Europe lauds bin Laden's death

Europe lauds bin Laden's death
Flowers and flags are placed on the fence surrounding Ground Zero, the site of the former Twin Towers, hours after Osama Bin Laden is killed by U.S. Navy Seals almost 10 years after the terrorist attacks on the World Trade Center at Ground Zero in New York on May 2, 2011. UPI/John Angelillo | License Photo

BERLIN, May 2 (UPI) -- European leaders welcomed the news of Osama bin Laden's death but warned that the fight against terrorism isn't over.

German Chancellor Angela Merkel said she welcomed bin Laden's death, saying it was an important strike against terrorism.


"Bin Laden was the symbol of international terrorism … now it's clear that he can't order any additional attacks and that's simply good news," she said Monday in Berlin.

NATO Secretary-General Anders Fogh Rasmussen hailed the killing but added that the alliance would continue its military mission in Afghanistan, where several European nations have troops as part of the International Security Assistance Force.

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European leaders also gave signs of caution, suggesting that terrorists may retaliate for the U.S. operation in Pakistan that involved the targeted killing of the world's most wanted man.

Prime Minister David Cameron of Britain, one of Washington's closes allies in the U.S.-led military campaigns in Iraq and Afghanistan, called bin Laden's death "a massive step forward."

"Of course, it does not mark the end of the threat we face from extremist terror," he said in televised remarks. "We will have to be particularly vigilant in the weeks ahead."

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French Foreign Minister Alain Juppe said the terror threat wouldn't disappear with bin Laden.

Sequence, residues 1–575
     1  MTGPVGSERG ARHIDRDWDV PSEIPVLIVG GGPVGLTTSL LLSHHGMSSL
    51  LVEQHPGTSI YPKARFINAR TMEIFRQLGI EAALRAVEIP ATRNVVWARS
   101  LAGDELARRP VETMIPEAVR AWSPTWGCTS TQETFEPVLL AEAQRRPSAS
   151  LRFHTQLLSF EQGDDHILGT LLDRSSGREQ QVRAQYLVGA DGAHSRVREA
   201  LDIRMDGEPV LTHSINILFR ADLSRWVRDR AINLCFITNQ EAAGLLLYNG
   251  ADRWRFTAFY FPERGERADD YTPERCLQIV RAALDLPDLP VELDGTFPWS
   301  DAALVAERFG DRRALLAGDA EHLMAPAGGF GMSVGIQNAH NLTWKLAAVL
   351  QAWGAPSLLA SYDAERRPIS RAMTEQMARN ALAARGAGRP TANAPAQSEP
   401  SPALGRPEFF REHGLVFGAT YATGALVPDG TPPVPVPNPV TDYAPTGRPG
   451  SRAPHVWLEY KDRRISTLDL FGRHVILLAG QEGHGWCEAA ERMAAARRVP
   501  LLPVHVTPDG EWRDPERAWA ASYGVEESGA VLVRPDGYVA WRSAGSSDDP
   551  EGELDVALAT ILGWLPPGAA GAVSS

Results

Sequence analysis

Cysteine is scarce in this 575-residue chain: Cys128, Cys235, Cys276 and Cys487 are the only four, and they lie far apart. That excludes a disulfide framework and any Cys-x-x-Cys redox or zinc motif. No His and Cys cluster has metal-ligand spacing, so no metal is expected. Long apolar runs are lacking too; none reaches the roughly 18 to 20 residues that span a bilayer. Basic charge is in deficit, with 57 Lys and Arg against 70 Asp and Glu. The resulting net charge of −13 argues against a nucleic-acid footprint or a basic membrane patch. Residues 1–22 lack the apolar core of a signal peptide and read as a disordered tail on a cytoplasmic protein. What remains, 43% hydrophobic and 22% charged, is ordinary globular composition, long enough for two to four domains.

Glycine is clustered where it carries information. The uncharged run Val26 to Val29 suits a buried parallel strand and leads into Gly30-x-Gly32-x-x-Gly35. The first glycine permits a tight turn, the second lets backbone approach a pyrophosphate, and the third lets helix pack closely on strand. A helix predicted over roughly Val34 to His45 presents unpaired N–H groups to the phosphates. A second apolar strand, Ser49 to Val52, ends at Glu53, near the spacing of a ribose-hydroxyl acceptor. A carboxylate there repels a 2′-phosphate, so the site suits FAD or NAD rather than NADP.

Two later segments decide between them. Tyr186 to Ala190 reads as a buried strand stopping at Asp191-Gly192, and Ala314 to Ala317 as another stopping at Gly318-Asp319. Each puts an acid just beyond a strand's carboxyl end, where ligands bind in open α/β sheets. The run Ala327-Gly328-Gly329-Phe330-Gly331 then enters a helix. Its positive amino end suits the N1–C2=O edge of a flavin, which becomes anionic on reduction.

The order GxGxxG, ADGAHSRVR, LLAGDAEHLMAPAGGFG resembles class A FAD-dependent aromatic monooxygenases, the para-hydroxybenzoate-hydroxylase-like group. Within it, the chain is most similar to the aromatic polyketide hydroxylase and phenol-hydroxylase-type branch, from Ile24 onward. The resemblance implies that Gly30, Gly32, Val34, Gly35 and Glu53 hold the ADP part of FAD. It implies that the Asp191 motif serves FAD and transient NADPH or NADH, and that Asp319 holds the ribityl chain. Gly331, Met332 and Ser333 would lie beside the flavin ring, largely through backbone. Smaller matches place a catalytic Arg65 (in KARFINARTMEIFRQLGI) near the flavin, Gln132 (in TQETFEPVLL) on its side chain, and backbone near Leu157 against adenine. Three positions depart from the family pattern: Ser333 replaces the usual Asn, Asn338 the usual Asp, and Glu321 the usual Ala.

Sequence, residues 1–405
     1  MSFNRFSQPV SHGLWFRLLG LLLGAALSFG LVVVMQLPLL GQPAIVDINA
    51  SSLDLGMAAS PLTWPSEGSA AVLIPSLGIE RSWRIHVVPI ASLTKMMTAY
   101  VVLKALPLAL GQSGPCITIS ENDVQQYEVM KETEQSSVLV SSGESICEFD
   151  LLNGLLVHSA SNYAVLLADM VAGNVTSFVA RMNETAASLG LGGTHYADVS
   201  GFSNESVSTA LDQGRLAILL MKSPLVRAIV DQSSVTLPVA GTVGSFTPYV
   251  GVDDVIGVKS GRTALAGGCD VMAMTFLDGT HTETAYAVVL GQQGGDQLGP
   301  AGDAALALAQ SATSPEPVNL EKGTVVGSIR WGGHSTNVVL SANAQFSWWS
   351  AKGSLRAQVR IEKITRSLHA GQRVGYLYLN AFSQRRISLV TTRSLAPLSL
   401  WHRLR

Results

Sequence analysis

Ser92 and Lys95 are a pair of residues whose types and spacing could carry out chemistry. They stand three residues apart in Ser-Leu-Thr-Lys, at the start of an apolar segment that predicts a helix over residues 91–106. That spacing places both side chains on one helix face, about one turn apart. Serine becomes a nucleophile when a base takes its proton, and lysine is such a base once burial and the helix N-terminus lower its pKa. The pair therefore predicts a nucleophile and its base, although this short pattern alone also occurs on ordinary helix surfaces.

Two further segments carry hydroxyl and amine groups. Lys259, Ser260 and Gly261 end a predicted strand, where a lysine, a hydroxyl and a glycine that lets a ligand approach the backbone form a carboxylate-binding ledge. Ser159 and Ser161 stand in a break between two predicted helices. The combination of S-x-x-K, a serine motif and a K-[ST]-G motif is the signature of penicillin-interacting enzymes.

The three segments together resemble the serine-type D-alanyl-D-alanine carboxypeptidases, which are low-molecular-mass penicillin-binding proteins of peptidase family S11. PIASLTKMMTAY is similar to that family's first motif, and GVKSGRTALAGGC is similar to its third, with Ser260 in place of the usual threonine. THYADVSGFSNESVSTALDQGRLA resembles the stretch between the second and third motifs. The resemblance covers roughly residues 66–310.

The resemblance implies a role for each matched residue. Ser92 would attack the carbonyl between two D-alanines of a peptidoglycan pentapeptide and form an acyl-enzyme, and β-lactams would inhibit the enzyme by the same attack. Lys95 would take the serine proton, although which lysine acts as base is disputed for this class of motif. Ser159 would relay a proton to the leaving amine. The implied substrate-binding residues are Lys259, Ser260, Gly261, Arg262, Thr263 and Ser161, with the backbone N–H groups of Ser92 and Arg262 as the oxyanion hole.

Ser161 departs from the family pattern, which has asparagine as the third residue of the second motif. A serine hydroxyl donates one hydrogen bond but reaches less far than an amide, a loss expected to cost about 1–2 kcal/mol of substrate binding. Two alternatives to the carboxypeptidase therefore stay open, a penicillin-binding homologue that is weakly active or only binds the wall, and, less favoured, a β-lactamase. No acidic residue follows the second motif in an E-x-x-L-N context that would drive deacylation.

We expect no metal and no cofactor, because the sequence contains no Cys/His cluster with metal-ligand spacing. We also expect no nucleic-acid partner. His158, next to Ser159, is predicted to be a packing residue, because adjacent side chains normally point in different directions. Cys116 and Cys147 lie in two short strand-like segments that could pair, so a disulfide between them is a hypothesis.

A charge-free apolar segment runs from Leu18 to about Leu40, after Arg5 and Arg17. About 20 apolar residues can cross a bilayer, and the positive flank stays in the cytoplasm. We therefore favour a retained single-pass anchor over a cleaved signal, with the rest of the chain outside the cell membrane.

"There are decentralized groups, who claim links to al-Qaida but have a certain autonomy, that will continue their work," Juppe told French radio.

The last major terrorist attack, the one that hit Mumbai in 2008, is believed to have been the work not of al-Qaida but Pakistani extremist group Lashkar-e-Toiba.

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While bin Laden is mainly linked to the terrorist attacks of Sept. 11, 2001 in the United States, which killed nearly 3,000 people, he has also been blamed for ordering the 2004 train bombings in Madrid and the attacks on London's subway system in 2005, which killed 191 and 52 people, respectively.

Terrorists linked to al-Qaida have kidnapped Europeans in Africa and the Middle East and Europe has been battling with "homegrown terrorism," a phenomenon dominated by young Muslims who grew up or were born in Europe and have become radicalized.

In Germany, three men in their 20s -- two of them German nationals, one Turk -- in 2007 plotted to execute a series of bomb attacks against U.S. and other targets in Germany.

They received training at a camp of the Islamic Jihad Union, an al-Qaida offshoot, in Pakistan's Waziristan region. The men said they wanted to join active fighting in Iraq or Chechnya but were convinced to return to Europe to plot terror attacks.


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